Even with our lockdowns...and California had some of the strictest...our Covid numbers went up, especially towards the end of the year. A new scheme was instituted where the state was divided up into five regions. When the ICU capacity would drop below 15%, the region would be put into a minimum of three weeks of heavy shutdown. As of this writing, four of those regions are shut down with less that 700,000 Californians free from that strict regime in the furthest northern part of the state.

It seems like the only way we can go is up especially now that vaccines have been developed and distribution has started. We'll be cautiously optimistic and we'll look back in 52 weeks and see if life has returned to normal.

Darryl Musick
Copyright 2021 - All Rights Reserved

Tuesday, January 5, 2021

COVID 19 - Note to Our Readers

Although we here at The World on Wheels exist to promote travel, especially travel for special needs, we realize that this is NOT the time to go out and travel this fascinating world. We will still be running new posts and rotating previous posts and encourage you to enjoy vicarious travel from your armchair.

We are confident that all will be well and this will pass but, for now, please stay home and make plans for your trips after this has passed. In the meantime, please enjoy our travel posts (which have all taken place before this blew up) and stay well.

Monday, January 4, 2021

CALIFORNIA MOTHERLODE GHOST TOWNS: Hornitos



(Please read our Covid 19 Statement first - Ed) Although the state is criss-crossed with interstates, freeways, superhighways and is home to more millions of Americans than any other state, once in awhile you can find a seldom traveled stretch of asphalt that is actually a time machine.
One such road exists starting at highway 140 in the foothill town of Cathey’s Valley, about 20 miles east of Merced, California.
Turning north on Hornitos Road will take you through some spectacular rolling hill country dotted with happy cows. Green in the winter and spring, golden in summer and fall.

Watch the Video!

After about nine miles, you’ll start to see mounds of rocks scattered about the creek off to the side.  Dug up around 150 years ago, these are tailings left by the original Gold Rush miners.  Following that creek, you’ll end up at the little town of Hornitos, which was settled by Mexicans who were kicked out of the nearby town of Quartzburg.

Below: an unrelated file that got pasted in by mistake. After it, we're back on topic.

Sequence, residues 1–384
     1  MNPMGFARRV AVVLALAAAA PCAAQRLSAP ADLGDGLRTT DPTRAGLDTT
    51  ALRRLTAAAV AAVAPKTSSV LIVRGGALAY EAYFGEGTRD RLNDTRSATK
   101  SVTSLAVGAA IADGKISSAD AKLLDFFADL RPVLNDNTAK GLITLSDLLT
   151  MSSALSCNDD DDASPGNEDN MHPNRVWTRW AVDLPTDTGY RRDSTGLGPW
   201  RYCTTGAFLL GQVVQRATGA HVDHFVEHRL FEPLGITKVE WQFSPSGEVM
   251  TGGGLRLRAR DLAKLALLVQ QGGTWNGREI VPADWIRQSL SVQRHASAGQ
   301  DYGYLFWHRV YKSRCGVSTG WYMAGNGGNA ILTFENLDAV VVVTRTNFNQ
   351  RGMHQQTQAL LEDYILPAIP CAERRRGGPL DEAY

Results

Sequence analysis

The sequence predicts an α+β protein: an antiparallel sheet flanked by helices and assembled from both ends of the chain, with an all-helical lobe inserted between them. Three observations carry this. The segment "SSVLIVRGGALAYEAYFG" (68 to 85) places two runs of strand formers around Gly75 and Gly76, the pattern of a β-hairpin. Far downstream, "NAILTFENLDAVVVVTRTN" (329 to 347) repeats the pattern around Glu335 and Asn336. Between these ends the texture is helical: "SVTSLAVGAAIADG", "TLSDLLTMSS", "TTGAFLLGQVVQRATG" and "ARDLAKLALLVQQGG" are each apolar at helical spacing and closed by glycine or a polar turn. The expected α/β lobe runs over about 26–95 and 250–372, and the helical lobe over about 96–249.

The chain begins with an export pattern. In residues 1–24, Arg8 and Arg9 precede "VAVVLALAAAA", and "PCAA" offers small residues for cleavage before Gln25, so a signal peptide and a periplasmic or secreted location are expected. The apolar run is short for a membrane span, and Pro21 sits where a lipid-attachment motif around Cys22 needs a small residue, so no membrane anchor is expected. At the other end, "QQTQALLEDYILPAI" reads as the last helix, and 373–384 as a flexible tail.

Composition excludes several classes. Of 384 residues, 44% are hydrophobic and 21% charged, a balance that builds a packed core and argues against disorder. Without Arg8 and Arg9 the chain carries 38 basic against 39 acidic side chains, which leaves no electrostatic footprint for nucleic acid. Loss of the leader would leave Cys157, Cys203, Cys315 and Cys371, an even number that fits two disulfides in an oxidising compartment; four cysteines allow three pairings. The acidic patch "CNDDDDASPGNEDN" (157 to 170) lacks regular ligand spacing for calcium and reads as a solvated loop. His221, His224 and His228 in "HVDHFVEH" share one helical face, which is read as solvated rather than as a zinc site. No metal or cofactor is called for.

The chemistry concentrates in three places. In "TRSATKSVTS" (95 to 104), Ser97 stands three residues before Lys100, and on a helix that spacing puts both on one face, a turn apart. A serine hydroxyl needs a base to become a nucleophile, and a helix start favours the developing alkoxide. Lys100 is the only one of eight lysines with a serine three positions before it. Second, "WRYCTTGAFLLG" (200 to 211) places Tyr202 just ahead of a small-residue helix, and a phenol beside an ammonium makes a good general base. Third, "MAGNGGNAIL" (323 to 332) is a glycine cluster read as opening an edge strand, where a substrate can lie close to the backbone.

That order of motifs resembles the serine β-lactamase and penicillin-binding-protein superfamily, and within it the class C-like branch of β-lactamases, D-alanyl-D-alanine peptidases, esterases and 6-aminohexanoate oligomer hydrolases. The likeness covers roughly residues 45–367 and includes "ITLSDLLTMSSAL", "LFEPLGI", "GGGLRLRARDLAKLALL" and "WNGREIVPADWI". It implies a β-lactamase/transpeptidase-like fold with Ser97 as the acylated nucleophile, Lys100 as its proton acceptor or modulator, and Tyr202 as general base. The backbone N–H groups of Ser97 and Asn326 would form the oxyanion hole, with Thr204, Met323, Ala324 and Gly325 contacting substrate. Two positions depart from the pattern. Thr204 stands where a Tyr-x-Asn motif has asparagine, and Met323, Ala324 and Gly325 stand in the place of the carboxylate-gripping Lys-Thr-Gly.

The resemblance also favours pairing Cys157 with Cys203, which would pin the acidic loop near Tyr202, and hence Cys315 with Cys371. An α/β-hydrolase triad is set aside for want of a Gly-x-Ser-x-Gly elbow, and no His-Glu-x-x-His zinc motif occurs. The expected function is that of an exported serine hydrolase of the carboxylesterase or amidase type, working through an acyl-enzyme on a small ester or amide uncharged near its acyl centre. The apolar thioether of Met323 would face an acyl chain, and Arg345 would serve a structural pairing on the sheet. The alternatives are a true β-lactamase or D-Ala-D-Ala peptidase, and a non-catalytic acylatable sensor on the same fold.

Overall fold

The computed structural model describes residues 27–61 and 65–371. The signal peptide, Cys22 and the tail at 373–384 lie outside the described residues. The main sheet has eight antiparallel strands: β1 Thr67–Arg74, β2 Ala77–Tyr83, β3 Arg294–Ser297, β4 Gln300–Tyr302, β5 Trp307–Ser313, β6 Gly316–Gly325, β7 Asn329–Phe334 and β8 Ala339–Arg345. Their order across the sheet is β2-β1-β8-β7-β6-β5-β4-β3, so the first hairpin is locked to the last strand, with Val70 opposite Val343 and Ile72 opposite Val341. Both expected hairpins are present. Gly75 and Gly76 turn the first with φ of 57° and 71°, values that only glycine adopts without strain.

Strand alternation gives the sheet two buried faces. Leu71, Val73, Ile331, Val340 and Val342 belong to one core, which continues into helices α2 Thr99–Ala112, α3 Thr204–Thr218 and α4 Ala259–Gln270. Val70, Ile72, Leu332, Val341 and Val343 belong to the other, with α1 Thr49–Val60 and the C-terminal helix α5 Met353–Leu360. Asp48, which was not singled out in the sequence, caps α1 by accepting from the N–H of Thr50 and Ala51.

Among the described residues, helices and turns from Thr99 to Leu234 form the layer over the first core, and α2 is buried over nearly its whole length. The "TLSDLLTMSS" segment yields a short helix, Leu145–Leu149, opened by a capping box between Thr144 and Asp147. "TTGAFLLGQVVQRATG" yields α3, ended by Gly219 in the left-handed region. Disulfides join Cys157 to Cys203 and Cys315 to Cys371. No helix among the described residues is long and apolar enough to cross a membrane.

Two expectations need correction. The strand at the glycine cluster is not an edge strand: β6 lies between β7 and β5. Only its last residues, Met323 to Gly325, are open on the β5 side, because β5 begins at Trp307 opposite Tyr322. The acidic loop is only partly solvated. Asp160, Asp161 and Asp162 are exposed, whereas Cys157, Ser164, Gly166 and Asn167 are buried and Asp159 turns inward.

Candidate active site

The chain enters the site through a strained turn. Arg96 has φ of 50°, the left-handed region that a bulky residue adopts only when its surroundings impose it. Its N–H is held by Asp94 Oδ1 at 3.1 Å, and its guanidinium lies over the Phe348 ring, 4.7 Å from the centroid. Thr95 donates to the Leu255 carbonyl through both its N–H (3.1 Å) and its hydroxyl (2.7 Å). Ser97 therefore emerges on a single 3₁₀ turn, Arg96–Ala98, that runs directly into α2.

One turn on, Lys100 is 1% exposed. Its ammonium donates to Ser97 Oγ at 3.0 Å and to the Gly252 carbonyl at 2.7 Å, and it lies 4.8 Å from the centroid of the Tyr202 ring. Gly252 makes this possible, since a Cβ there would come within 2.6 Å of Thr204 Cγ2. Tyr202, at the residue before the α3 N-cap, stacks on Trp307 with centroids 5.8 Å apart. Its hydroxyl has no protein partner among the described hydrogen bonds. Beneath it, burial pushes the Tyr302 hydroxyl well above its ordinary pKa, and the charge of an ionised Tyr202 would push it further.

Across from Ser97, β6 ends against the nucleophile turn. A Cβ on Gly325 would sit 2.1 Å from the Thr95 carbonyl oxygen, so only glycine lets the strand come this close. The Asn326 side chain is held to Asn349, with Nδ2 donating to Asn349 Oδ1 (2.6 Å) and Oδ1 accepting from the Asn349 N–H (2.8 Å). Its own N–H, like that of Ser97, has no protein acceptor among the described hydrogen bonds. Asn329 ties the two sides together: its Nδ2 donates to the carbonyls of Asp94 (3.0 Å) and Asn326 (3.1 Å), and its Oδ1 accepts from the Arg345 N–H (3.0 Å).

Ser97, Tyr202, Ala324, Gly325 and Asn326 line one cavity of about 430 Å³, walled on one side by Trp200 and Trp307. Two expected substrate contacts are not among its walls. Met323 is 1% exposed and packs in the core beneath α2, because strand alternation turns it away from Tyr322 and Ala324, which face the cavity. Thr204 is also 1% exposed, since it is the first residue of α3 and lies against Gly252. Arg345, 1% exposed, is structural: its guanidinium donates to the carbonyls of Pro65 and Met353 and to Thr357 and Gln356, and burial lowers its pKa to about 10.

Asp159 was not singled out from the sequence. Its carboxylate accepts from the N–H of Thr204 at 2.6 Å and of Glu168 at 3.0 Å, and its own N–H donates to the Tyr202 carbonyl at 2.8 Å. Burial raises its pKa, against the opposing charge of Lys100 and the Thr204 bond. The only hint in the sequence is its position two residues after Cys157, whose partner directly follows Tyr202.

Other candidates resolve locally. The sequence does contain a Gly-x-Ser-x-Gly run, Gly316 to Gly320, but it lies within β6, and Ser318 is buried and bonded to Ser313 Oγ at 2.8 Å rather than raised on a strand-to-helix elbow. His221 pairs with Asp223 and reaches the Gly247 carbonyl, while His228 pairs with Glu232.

The joke is on them because Hornitos soon pulled much more riches out of the ground than their unwelcoming neighbors.
A collapsed shack sits a few feet from the sturdy jail.  The remains of a brick building stand next to the community hall. Across the street from that is an old brick saloon with sturdy iron doors and a cafĂ© that saw its last customer half a century ago.  Overlooking all of it is a tiny, white, Catholic church manning the watch over the town’s graveyard which features dirt packed so hard that the original inhabitants had to put their dead in above ground mounds that looked like the ovens the women used in baking.


Because of the appearance of the graves, the town was named after them using the Spanish word for “little ovens.”
You’ll come to understand why Hornitos is listed as a Gold Rush ghost town on many websites, books, and articles.  Although much rough and rowdy history has happened in and around the streets of this village, it’s not quite correct to call it a ghost town…yet.


The Ortiz family still opens the saloon on the town’s plaza. Come in and have a shot of tequila…the bartender would like it if you chose the Hornitos reposado over the Patron…and chat with him. There’s him and one customer as the three of us have our shots.
Manuela Ortiz is the legend who would open the bar when she felt like it and hold court with her shot of brandy. A living link to the town’s storied past, Manuela is now suffering the memory loss of advanced age and living in a home down the hill in Merced. (Note: Manuela sadly passed away in 2018 - Ed)
Her son now stands in her place, giving us the update on her condition and pouring our shots…without lemon or salt…as he tells us he appreciates it.